NCAR Fire and Climate Change

Dr. Daniel Swain of NCAR and UCLA said climate change is complex and ongoing urban wildfires often have multiple contributing factors.

BOULDER, Colo. – Another fire in Boulder County is fueling questions and discussions about the impact climate change may have on urban wildfires, especially as the latest wildfire, the NCAR Fire, does not occur until about three months after the Marshall fire.

On Monday, the NCAR fire was 68% contained. Direct firefighting kept the fire away from homes, despite being within 500 feet of them.

RELATED: Boulder County NCAR Fire Now 68% Contained

Incident commander Brian Oliver said the flames were seen weaving around the snow and finding a path through drier grass.

Climatologist Dr Daniel Swain, who works with UCLA and NCAR, said the dry grass was not influenced by the region’s recent snowfall and precipitation, which broke records for the start of the month. year.

Plants and vegetation can only absorb moisture so quickly, so they have been responding to the state’s drought conditions since last fall and summer. Most of the vegetation does not react immediately to recent weather conditions which have provided more precipitation.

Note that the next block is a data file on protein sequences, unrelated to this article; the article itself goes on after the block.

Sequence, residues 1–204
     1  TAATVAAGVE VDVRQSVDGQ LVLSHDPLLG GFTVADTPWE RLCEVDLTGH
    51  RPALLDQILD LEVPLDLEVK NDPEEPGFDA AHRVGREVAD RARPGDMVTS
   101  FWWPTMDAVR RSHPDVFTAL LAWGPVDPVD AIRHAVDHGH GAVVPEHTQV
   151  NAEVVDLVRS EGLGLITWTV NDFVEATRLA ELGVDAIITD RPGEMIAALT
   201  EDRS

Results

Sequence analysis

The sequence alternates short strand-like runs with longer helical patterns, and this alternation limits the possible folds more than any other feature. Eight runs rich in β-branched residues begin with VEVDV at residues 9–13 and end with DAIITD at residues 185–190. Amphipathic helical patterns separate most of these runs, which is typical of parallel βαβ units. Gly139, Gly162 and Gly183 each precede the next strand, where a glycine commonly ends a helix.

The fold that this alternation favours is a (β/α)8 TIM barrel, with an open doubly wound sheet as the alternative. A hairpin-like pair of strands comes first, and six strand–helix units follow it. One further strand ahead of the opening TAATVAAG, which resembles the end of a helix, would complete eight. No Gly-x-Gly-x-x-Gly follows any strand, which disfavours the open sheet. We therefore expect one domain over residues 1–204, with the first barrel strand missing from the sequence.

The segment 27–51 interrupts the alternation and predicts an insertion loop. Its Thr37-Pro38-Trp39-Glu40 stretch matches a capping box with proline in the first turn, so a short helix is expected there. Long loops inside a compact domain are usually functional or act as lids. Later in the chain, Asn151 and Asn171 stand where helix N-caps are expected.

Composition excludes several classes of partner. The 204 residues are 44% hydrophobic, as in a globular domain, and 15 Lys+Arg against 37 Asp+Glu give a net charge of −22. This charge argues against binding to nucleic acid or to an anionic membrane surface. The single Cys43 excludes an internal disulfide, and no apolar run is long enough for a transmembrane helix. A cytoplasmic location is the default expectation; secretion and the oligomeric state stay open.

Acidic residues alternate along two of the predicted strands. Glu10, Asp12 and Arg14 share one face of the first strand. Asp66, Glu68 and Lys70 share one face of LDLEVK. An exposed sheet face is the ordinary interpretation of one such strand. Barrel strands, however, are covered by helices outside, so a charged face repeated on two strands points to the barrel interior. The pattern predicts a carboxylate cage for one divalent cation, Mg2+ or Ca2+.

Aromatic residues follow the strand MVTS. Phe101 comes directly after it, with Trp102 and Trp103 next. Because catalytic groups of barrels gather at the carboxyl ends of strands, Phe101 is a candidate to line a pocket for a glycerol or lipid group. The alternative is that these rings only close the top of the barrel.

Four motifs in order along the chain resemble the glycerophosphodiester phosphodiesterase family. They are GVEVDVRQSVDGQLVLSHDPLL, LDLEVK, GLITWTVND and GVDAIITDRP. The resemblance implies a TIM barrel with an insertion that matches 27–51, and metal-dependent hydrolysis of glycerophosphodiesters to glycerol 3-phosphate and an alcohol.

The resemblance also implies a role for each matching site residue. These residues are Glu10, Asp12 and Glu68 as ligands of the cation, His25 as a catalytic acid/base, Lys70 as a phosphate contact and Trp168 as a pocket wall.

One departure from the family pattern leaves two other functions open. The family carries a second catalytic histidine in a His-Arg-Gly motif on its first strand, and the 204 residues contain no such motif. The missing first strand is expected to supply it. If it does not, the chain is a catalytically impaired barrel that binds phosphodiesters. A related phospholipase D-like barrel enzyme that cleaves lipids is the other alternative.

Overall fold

RELATED: Even With Record Snowfalls, Wildfires Can Still Spread

Swain said that because the state has been in a drought for most of the past year, grass and vegetation provide better fuel for a fire. This means that there really isn’t a “fire season” anymore.

“In the West, there really isn’t a separate fire season anymore. We can see fires all through the winter,” Swain said.

Winter is also the season with the most extreme winds, which makes arid conditions more complex.

“We were lucky that this fire happened at a time when, although it was windy, the winds were pushing the fire mostly away from homes. The outcome could have been very different,” Swain said. .

RELATED: Families return home after NCAR fire evacuations lift

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Teresa H. Sadler